Dennis explained to me that he needed all of that detail to be able to price the room and the Signature design was the cheapest plan that covered everything. Maybe that's changed now. if you say so.

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You know how long and hard it is to draw all that stuff out in a signature plan ? It’s crazy!
Do you know how long it takes to cut your grass with scissors? Sometimes it's just a matter of having the right tools for the job (and knowing how to use them).

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Plus like Dennis told you, complete plans are great for shopping around. Get a quote from us, and get a quote from a few local builders. Pick the one you want. There is no pressure to have us build anything. People choose us and our builders because they are confident in the results and see the value. If not, choose another builder. Our builder quotes are competitive if not cheaper, apples to apples.
Every builder I talked to had questions about the plans. If you read the successful DIY builds, they thank Dennis for answering 100's of e-mails. That's because the plans are nearly useless without support.

My choice was have Steve build the theater he wanted, at the price he wanted, or I was completely on my own. No support, no answering e-mails - use Steve or I just wasted $6500 on plans I can't use. That felt like a hard sell to me, not nearly as friendly as you make it out to be.

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Steve actually lives near the OP, so he’s even a local builder in this situation. No travel or lodging costs to travel 3000 miles We can build some builds out of country, there is a cost involved with such things and it’s unavoidable. Being close makes it cheaper.
That is nice for him. It's also one of the reasons I picked EG myself. I'm less than 90min direct flight from ATL and I live close to the airport. The crew could fly in the morning and fly back in the evening if they wanted to.

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A design plan doesn’t always cost $6500 either. That plan makes sense if you want a $100k theater, but we do theaters for half that, and have plans for half that to match too. We also have plans that are $30k or more, and we can do multi-million dollar theater builds just as easily as a basic $25k one. I don’t think it’s fair to characterize what you said as being accurate when it’s not accurate at all.

Again, I don’t really know much about you, or whatever dealings you’ve had. I don’t really care to argue about that either, I’d love to avoid that part actually. You are entitled to your opinion and I respect your right to have it as well. I just wanted to clear the air because you have a few things wrong and your representation of our services and prices is not accurate. I’m also not sure if Steve was offering hybrid build service at that time, that is something new. So that perhaps changes things too. Obviously a hybrid build were he does only the finishing touches or the key areas is going to be a lot cheaper than a full turn key build. It’s apples and oranges.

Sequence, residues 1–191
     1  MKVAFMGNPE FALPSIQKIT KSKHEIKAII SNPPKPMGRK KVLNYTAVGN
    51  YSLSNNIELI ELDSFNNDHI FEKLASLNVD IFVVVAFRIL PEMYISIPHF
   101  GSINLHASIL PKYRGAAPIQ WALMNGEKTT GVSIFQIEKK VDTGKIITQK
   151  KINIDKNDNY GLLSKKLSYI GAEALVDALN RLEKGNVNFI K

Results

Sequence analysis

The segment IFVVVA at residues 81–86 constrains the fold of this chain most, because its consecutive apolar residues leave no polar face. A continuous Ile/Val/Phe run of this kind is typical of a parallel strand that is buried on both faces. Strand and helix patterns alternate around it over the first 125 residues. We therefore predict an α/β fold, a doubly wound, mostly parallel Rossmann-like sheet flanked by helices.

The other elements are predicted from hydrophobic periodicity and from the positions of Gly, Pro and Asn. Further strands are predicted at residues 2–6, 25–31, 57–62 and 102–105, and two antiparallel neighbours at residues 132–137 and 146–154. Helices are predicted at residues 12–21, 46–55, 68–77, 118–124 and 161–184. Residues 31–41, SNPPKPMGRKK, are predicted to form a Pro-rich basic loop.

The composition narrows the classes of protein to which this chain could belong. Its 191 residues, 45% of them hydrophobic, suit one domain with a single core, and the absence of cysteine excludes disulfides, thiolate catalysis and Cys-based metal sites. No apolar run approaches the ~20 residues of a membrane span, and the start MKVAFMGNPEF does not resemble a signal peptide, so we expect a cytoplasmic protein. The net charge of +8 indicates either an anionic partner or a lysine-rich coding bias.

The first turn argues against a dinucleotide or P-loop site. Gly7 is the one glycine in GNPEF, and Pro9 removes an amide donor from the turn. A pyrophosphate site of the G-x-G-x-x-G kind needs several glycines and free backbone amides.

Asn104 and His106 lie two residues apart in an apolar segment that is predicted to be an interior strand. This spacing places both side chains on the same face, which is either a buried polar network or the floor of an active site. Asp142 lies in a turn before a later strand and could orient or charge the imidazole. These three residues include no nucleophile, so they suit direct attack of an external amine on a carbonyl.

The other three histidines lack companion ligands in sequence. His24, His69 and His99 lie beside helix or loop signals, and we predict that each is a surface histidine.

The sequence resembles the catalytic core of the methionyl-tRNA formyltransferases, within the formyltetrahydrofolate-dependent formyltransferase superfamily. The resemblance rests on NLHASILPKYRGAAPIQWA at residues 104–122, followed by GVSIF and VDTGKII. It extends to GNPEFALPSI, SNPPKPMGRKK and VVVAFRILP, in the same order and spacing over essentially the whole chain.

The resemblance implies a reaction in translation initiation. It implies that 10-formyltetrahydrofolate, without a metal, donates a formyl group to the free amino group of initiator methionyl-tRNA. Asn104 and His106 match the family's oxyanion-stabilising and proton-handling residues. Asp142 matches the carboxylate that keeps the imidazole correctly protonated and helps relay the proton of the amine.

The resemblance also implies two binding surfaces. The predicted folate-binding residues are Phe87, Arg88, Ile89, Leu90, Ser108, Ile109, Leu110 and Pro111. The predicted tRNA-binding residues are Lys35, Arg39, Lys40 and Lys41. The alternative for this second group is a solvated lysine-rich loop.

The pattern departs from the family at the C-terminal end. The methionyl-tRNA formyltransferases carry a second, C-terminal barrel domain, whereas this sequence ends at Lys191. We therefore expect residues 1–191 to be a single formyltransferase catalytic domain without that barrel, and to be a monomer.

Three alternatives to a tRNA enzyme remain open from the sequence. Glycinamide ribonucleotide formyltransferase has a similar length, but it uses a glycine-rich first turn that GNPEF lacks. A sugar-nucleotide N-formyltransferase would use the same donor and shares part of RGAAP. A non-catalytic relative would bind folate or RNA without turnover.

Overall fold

That all sounds great, but the pre-sales talk always does. The only thing I can speak to is my experience with EG. The hybrid build was something Dennis offered to reduce costs, which I did. When it came time for Steve to do the "key areas & finishing touches" as you put it, he wanted over $100k for it.

You're saying that's not at all accurate and that EG builds $25k and $50k rooms, but in my experience that's not true. If it was, you would think they would have done a $100k room for me and everyone would have been happy.

 

 

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post #25 of 52 Old 08-28-2015, 06:53 AM
 
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Like I said I don't know much about your situation, my only understanding of it was it was abnormal. My main point being, the problem whatever it is in reality is unlikely to present itself for others. We've designed hundreds of theaters and never had the same issues you talk about. I doubt there is a theater design firm that has more customer referrals, professional awards, or a completed book of work that can touch ours. Your misrepresentation of us is my main problem I have, but I am struggling with the best way to explain that to the benefit of others while having conversation with you as little as I possibly can.

I've never spoken to Dennis about your situation, and I do not care too, but I do remember reading all the stuff YOU posted out in open forum at the time and my impression at that time (while not at all affiliated with EG and just an enthusiast reading) I clearly remember was that it sounded like Dennis just got tired of dealing with you and preferred to not do it anymore. That was really the only solid take away I got. I saw a few other people try to help you too, but you drove them all away as well, and got left all alone. My other impression I had at the time (again I was not with EG ) was that it had nothing anything to do with the quality of work, rather people just literally seemed like they could not deal with you. I could be totally wrong, but that is how I viewed it.